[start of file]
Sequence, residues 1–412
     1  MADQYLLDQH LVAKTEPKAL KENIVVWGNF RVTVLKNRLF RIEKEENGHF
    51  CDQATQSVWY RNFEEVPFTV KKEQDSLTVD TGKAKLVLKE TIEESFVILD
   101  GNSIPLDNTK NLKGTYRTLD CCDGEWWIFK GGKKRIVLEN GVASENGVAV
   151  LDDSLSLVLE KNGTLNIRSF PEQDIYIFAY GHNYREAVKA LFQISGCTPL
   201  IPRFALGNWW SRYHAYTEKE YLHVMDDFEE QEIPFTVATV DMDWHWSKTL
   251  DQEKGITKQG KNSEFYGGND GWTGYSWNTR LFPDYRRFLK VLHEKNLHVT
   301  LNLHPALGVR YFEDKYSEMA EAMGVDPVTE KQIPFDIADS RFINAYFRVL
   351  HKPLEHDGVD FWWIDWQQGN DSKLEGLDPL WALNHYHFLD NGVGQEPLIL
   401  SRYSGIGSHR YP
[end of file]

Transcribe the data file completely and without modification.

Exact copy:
Sequence, residues 1–412
     1  MADQYLLDQH LVAKTEPKAL KENIVVWGNF RVTVLKNRLF RIEKEENGHF
    51  CDQATQSVWY RNFEEVPFTV KKEQDSLTVD TGKAKLVLKE TIEESFVILD
   101  GNSIPLDNTK NLKGTYRTLD CCDGEWWIFK GGKKRIVLEN GVASENGVAV
   151  LDDSLSLVLE KNGTLNIRSF PEQDIYIFAY GHNYREAVKA LFQISGCTPL
   201  IPRFALGNWW SRYHAYTEKE YLHVMDDFEE QEIPFTVATV DMDWHWSKTL
   251  DQEKGITKQG KNSEFYGGND GWTGYSWNTR LFPDYRRFLK VLHEKNLHVT
   301  LNLHPALGVR YFEDKYSEMA EAMGVDPVTE KQIPFDIADS RFINAYFRVL
   351  HKPLEHDGVD FWWIDWQQGN DSKLEGLDPL WALNHYHFLD NGVGQEPLIL
   401  SRYSGIGSHR YP